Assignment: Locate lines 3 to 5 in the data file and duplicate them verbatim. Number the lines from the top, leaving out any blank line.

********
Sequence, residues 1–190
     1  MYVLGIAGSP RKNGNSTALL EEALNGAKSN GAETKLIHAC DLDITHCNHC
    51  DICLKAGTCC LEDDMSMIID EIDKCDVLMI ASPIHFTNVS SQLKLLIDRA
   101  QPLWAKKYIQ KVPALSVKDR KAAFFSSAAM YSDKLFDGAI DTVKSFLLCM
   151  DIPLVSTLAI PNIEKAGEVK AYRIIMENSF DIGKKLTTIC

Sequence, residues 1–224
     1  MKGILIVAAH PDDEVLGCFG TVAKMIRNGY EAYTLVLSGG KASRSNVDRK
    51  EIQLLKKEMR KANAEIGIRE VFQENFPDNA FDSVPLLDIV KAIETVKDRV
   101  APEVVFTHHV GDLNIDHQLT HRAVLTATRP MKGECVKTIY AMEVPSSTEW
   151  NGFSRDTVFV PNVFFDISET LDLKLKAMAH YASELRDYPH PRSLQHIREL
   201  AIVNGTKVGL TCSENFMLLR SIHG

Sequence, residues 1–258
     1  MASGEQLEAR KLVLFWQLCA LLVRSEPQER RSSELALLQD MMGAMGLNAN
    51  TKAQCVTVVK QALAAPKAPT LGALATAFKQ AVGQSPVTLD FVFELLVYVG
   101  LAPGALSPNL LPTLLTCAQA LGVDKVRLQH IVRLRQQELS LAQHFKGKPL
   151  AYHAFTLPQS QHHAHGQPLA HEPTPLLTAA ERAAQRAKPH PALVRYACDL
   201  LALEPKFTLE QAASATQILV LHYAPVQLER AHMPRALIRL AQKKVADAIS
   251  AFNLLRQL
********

    51  DICLKAGTCC LEDDMSMIID EIDKCDVLMI ASPIHFTNVS SQLKLLIDRA
   101  QPLWAKKYIQ KVPALSVKDR KAAFFSSAAM YSDKLFDGAI DTVKSFLLCM
   151  DIPLVSTLAI PNIEKAGEVK AYRIIMENSF DIGKKLTTIC